Captain Copyright has become one of the more controversial moves made by Access Copyright. Adding to the debate, the Canadian Library Association passed a resolution to condemn the website and concept as a result of negative responses from the public.
Note: This is an article I wrote that was published elsewhere first. It has been republished here for archival purposes
The CLA describes itself as “…Canada’s largest national library association, representing the interests of 57,000 library workers. It also speaks for the interests of the 21 million Canadians who are members of libraries.”
On the Captain Copyright website, there are comics for children to read which have been perceived as extensively one sided. Additional lessons in the teachers section contained one particularly controversial lesson of sending pro-copyright letters to newspaper editors. The lessons were for students in grades 1-8.
Another aspect that caused concern was the anti-linking policy in the website. The website had claimed that one could only link to their website only with permission. Other things outside of these points were flaws in the arguments and the lack of information on things like “fair dealings”, Canada’s version of “Fair Use.” Some even claim that Captain Copyright is in violation of other people’s copyrighted content which extends from other superheroes all the way down to the Goetse.
Concerned with the potential impact Captain Copyright may have on young minds, the CLA (Canadian Library Association) has decided to act against the cartoon character. The fourth resolution in a public document (PDF) states:
“Whereas Access Copyright has created the Captain Copyright advocacy site (http://www.captaincopyright.ca/) without consulting CLA and which many Canadian researchers, academics and librarians have condemned as a biased approach to copyright advocacy;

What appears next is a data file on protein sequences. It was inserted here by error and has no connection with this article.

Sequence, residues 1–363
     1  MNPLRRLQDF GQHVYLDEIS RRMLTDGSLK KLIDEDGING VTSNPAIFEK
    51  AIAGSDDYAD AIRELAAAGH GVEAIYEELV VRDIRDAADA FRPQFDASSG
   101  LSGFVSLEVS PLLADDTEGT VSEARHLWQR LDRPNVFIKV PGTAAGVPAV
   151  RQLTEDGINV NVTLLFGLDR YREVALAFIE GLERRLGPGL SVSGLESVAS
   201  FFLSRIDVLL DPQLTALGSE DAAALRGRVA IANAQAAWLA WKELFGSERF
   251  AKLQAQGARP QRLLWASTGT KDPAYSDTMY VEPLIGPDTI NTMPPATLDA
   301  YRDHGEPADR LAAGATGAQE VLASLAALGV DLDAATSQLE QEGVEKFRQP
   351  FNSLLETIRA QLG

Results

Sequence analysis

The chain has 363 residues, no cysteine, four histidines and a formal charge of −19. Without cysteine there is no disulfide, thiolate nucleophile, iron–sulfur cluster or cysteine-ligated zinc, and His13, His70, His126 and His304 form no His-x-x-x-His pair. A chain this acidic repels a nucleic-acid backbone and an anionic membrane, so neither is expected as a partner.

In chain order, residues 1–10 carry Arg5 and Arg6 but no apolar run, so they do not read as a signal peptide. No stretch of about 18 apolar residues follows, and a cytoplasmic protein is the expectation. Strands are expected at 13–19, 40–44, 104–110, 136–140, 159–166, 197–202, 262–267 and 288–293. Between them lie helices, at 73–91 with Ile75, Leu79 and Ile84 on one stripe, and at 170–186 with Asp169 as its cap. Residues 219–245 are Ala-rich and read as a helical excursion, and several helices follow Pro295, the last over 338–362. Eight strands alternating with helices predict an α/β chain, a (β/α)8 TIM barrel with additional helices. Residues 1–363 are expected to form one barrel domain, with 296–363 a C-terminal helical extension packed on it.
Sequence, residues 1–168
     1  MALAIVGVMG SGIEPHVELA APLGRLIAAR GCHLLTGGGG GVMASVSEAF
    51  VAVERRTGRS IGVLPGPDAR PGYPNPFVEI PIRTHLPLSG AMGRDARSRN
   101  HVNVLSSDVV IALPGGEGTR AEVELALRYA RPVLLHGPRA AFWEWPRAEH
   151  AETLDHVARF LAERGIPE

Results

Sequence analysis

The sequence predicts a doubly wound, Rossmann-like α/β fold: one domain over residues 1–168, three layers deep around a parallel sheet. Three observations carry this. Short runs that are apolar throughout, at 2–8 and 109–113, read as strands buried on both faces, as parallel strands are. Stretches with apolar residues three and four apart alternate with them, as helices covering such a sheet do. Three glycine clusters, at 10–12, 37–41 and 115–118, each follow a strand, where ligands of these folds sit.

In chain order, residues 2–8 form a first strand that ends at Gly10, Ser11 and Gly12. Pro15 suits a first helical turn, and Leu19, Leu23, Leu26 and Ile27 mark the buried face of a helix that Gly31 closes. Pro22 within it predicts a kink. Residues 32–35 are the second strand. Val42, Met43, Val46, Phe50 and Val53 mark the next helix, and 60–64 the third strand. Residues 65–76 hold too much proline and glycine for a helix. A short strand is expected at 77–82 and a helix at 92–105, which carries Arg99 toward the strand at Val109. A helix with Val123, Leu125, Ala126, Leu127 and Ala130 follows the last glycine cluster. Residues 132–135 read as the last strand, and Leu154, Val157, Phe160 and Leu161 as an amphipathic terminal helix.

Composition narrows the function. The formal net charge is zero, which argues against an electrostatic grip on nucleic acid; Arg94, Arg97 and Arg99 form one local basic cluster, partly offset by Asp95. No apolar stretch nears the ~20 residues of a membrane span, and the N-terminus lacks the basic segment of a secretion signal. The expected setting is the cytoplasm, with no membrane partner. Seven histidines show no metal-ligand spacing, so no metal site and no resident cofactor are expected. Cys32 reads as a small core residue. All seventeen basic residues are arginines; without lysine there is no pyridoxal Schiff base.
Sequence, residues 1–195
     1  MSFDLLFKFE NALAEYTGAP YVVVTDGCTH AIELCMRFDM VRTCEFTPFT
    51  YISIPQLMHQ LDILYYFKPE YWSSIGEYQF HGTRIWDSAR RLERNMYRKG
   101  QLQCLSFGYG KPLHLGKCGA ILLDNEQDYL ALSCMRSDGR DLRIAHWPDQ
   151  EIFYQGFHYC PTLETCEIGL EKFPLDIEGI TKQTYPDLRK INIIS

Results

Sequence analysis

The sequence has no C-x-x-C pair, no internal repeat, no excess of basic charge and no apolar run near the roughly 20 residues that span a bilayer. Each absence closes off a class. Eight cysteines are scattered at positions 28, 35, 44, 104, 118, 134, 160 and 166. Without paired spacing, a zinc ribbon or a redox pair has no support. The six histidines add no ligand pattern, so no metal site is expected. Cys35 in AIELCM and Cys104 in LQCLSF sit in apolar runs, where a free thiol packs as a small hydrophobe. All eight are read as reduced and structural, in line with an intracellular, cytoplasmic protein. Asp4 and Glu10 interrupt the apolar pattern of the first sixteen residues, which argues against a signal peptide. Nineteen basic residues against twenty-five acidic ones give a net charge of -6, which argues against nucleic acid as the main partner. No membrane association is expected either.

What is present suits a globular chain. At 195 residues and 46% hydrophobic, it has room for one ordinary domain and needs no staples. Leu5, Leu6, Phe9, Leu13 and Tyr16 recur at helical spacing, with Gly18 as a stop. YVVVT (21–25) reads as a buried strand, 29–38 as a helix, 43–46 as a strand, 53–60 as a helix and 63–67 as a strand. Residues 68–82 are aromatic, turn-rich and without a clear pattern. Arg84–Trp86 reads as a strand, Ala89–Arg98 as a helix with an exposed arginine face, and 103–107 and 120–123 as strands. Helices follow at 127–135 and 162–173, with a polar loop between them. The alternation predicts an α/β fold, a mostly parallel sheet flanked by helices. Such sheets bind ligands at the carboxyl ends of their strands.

“Whereas this website poses a threat to our shared information commons by providing biased copyright information to the Canadian public, particularly children and schoolteachers;
“Therefore Be It Resolved that the President of CLA write an open letter to Access Copyright, to be drafted by the Copyright Working Group, to condemn the Captain Copyright initiative;”
The CLA also stated that they were interested in the Copyright Working Group to have some level of control over the character.
“Be It Further Resolved that the Copyright Working Group be mandated to monitor and critique the views expressed by Access Copyright, in order to provide reliable copyright information to Canadian libraries and the broader public;”
In short, the CLA is against some of the key points expressed by Captain Copyright’s website. They deemed it to contain biased information that was pointed out by others and was created without the CLA’s approval.
It is possible that this may be a sign of things to come. The CLA became vocal about DRM (Digital Rights Management) that was mentioned in a previous Copyright reform bill just last week amidst a large number of open letters sent to the Minister of Heritage. When it seemed that few people had an official differing opinion on the issue of copyright just a couple of months ago, now there seems to be a gradual movement amongst different organizations to express differing opinions. This move appears to signify that action is starting to be taken by organizations as well.